Charlie Hebdo massacre won’t scare cartoonists
Published 10:04 am Friday, January 9, 2015
By Rob Tornoe
On Wednesday, a group of thugs broke into the Paris offices of the satirical magazine Charlie Hebdo and brutally massacred 12 people, including cartoonists, journalists and security officers.
It was an attack on free speech. It was an attack on civilized society. And it was an attack on a brave publication full of cartoonists who all too often have had to deal with threats, ridicule and anger.
Back in 2011, Charlie Hebdo’s offices were firebombed and destroyed after the magazine named the prophet Mohammed as its “editor in chief,” featuring him on the cover in a cartoon saying, “100 lashes if you don’t die of laughter.”
How did the magazine respond? With a new issue sporting a cover drawn by French cartoonist Luz that featured a bearded Muslim kissing a cartoonist with the headline “L’Amour plus fort que la haine” — “Love is stronger than hate.”
I spoke briefly with Charlie Hebdo’s editor, cartoonist Stephane Charbonnier (who published under the pen name “Charb”) nearly a year after the firebombing, when a man was arrested after threatening to decapitate him. What impressed me then and sticks with me through this terrible tragedy is his absolute unwavering defense of making fun of Islamic radicals.
Charb’s intent wasn’t to insult Islam, but instead to scrutinize it in the same way that all religions and politicians sometimes deserve. If he could feature Pope Benedict in an amorous embrace with a Vatican guard, why was making fun of Muslims off limits?
“Mohammed isn’t sacred to me. I don’t blame Muslims for not laughing at our drawings. I live under French law. I don’t live under Quranic law,” he later told the AP.
Just this week, Charb drew a cartoon observing that there haven’t been any terrorist attacks in France. The cartoon featured an armed jihadist twisting a famous French phrase to say, “Wait!… one has until the end of January to present one’s season’s greetings.”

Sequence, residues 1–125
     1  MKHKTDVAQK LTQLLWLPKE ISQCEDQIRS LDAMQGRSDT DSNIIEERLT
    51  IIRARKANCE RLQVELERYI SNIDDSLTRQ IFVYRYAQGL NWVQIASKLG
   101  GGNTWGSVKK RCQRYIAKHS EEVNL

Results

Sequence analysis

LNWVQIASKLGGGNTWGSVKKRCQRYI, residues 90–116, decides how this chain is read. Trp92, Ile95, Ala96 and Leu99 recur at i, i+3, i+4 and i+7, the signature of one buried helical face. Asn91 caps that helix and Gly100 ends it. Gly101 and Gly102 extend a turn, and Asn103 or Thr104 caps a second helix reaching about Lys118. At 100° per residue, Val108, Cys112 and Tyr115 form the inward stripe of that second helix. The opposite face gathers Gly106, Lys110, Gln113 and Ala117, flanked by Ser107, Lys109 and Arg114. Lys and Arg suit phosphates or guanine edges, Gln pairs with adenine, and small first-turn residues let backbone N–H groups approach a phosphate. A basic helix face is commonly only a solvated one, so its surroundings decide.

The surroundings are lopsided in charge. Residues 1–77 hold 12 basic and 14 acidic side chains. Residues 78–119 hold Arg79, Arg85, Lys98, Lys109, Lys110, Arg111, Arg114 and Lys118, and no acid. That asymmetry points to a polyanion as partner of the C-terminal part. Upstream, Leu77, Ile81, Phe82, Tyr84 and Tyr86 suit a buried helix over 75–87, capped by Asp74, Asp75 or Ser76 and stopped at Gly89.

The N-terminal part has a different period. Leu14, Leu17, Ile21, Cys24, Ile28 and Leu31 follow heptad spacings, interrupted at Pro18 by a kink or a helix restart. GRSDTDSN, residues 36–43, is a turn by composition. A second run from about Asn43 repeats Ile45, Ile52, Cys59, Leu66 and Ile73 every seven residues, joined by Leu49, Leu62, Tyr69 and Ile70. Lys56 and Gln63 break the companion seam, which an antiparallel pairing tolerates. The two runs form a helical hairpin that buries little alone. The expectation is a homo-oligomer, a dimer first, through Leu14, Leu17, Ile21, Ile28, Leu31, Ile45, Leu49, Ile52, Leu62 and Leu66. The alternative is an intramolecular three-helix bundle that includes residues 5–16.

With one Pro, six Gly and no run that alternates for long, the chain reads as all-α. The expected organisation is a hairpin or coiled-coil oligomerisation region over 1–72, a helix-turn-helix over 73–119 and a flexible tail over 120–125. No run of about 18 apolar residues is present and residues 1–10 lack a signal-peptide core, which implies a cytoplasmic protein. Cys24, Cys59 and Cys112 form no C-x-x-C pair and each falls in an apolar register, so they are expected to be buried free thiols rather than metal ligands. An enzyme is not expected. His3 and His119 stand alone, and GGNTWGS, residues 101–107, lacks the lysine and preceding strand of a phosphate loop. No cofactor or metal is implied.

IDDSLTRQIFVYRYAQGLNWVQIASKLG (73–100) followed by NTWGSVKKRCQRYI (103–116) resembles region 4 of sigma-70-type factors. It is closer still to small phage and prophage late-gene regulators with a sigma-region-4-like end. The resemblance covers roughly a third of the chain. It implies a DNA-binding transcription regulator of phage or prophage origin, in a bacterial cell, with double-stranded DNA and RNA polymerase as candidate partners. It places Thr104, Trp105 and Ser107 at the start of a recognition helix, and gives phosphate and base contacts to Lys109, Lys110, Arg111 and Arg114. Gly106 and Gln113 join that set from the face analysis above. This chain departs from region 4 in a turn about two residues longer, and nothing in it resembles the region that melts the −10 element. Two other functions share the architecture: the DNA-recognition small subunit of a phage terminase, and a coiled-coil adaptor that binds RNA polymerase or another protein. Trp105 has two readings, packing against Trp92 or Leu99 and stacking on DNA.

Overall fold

Charb, and fellow French cartoonists Jean Cabut (who went by the pen name “Cabu”), Bernard Verlhac (who signed his work “Tignous”) and Georges Wolinski, were among those tragically killed in Wednesday’s barbarous assault.
So far, 12 people have been reported dead, including a security officer who reportedly pleaded for his life before being shot at close range by the fleeing suspects.
The dead were all brilliant. All brave. All defiant. Now victims in a senseless act of war against journalism and the freedom of expression.
I wish I could call many newspapers today brave, but as I went through the coverage by the New York Daily News and The Telegraph, I saw file photos of a defiant Charb holding up copies of Charlie Hebdo with the cartoons censored and blurred out.
Not only are you failing to honor the work of fallen journalists, you’re doing the bidding of the very terrorists that want to dictate what can and can’t be covered.
“More freedom of expression and not less demonstrates courage in the face of attacks,” the Association of American Editorial Cartoonist said in a statement. “Shrinking from a newspaper’s watchdog role only encourages more terror.”
The brave cartoonists at Charlie Hebdo gave their lives to advance the freedom of expression, and they paid the ultimate price to defend the ability of all cartoonists to make fun of anyone.
The power of cartoons are undeniable, and as someone who’s received threats, I can I understand why they’re so scary to powerful, small-minded radicals.
I just wish they’d get a sense of humor.
ROB TORNOE is the sports cartoonist for the Philadelphia Inquirer and Philly.com, and a cartoonist for The Press of Atlantic City and WHYY. He writes about the media and the cartoon industry for Editor & Publisher.